What of the quote’s relevance to other “‘natural’ events, like famines,” outside the West? Live Aid was a benefit for the Ethiopian famine, yet people mostly remember Queen’s set; the famine, not so much. How does that set, the pinnacle of Queen’s career, fit into Sontag’s thesis? The authors don’t make the connection—they only mention the famine once, on page 251—so the question goes unanswered.
This book goes into granular, frankly excessive detail about Freddie Mercury’s sex life, but it sidesteps his culpability in exposing others to HIV while he knew or suspected he was infected. The authors pinpoint his likely date of infection to the summer of 1982, describe symptoms he experienced that summer and afterwards, and chronicle his alleged positive HIV tests from 1985 on. There’s no way to know his thoughts, but the authors make the case that Mercury knew he had HIV/AIDS for years before he told those close to him. Yet they gloss over the book’s most explosive allegation, that he knowingly exposed his partner, Jim Hutton, to HIV, and that he might have knowingly or half-knowingly exposed others as well.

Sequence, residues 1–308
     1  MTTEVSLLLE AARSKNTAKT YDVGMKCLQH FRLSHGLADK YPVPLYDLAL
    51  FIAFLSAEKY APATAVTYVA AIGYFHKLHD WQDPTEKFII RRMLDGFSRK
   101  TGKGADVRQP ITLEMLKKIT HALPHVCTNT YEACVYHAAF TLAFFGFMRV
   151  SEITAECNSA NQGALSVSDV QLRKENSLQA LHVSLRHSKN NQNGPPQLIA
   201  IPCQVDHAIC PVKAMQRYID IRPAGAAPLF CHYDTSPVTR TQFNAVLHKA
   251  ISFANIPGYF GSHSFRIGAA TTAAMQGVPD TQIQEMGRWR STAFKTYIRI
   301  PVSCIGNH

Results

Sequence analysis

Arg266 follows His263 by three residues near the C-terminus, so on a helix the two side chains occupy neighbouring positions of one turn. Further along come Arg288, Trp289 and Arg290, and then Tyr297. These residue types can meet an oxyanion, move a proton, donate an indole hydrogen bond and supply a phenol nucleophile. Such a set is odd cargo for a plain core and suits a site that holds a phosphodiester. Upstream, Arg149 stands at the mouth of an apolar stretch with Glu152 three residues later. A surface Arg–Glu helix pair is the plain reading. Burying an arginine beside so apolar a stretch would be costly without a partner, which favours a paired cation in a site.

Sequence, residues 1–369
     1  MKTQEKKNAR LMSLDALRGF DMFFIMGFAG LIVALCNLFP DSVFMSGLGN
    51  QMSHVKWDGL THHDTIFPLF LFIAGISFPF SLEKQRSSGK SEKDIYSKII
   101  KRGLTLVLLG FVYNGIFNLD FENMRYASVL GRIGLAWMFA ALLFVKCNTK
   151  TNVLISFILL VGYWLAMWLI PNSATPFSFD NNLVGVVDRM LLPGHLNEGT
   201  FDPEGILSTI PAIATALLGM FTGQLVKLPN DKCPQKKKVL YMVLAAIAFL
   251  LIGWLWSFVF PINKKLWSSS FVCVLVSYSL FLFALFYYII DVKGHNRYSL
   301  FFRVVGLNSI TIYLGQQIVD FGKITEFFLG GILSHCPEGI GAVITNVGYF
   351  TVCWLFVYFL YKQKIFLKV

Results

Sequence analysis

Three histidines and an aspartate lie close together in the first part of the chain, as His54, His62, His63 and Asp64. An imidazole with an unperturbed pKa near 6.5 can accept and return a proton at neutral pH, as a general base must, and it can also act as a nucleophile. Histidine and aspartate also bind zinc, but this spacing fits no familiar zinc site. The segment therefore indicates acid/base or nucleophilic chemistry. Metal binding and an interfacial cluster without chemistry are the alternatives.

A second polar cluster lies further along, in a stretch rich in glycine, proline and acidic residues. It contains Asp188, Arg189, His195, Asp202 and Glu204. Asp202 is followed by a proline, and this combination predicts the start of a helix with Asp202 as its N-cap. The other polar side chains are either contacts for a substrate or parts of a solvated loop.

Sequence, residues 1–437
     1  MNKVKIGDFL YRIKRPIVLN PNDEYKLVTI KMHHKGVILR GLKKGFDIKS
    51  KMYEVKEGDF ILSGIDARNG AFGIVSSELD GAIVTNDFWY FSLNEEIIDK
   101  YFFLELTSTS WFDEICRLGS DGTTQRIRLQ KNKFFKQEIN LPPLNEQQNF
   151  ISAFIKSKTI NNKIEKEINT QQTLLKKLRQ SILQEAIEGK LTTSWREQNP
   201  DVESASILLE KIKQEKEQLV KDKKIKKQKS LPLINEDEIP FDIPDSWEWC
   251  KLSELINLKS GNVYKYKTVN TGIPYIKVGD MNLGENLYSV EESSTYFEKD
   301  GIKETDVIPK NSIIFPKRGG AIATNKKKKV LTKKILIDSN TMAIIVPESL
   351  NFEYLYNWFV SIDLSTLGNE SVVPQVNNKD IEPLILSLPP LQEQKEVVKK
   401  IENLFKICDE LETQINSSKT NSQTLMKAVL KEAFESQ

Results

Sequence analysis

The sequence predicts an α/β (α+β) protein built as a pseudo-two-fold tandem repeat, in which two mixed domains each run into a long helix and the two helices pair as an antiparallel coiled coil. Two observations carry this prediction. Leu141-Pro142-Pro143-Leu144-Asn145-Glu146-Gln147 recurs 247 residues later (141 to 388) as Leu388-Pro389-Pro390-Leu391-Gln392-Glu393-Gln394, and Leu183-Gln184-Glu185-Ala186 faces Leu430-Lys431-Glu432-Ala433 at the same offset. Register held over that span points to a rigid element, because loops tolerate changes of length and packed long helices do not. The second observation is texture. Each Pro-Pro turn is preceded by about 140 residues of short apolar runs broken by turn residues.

Late in the book, Freddie Mercury reveals his AIDS diagnosis to Jim Hutton. “[N]ot only was Jim his partner, but they had been having unprotected sex throughout their relationship and it was impossible to ignore the fact that Freddie had exposed him to the virus.” It’s just after Easter, 1987, two years into their relationship. Hutton “refused to accept the news, suggesting Freddie get a second opinion, unaware that he had already had a second opinion and had failed 12 HIV tests over the past few years.” (303-4) At this point, the two men lived together and even exchanged rings. In late 1986, Mercury denied taking an HIV test, to the press and to Hutton, and apparently kept further tests a secret from his partner (292-5). At this time AIDS was a death sentence, yet the singer held back this vital information, despite their relationship, their shared lives, their rings.